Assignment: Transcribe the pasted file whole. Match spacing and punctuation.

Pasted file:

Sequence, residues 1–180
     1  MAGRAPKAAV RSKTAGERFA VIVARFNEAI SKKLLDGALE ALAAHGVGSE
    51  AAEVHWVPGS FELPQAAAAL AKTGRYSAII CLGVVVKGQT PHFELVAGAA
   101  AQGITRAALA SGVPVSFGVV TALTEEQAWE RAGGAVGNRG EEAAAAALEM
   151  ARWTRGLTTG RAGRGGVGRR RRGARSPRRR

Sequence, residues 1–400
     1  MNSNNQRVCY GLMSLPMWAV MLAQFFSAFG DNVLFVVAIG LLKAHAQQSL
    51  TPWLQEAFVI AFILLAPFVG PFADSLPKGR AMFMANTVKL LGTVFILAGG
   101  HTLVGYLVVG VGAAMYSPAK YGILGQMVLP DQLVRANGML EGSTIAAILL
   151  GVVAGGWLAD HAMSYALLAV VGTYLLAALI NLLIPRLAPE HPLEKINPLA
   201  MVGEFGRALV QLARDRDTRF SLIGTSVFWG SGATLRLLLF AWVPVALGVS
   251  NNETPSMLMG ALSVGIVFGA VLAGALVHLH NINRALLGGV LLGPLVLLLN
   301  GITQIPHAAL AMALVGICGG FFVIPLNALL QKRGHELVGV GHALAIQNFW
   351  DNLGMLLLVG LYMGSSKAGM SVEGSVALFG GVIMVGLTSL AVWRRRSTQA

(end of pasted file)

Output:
Sequence, residues 1–180
     1  MAGRAPKAAV RSKTAGERFA VIVARFNEAI SKKLLDGALE ALAAHGVGSE
    51  AAEVHWVPGS FELPQAAAAL AKTGRYSAII CLGVVVKGQT PHFELVAGAA
   101  AQGITRAALA SGVPVSFGVV TALTEEQAWE RAGGAVGNRG EEAAAAALEM
   151  ARWTRGLTTG RAGRGGVGRR RRGARSPRRR

Sequence, residues 1–400
     1  MNSNNQRVCY GLMSLPMWAV MLAQFFSAFG DNVLFVVAIG LLKAHAQQSL
    51  TPWLQEAFVI AFILLAPFVG PFADSLPKGR AMFMANTVKL LGTVFILAGG
   101  HTLVGYLVVG VGAAMYSPAK YGILGQMVLP DQLVRANGML EGSTIAAILL
   151  GVVAGGWLAD HAMSYALLAV VGTYLLAALI NLLIPRLAPE HPLEKINPLA
   201  MVGEFGRALV QLARDRDTRF SLIGTSVFWG SGATLRLLLF AWVPVALGVS
   251  NNETPSMLMG ALSVGIVFGA VLAGALVHLH NINRALLGGV LLGPLVLLLN
   301  GITQIPHAAL AMALVGICGG FFVIPLNALL QKRGHELVGV GHALAIQNFW
   351  DNLGMLLLVG LYMGSSKAGM SVEGSVALFG GVIMVGLTSL AVWRRRSTQA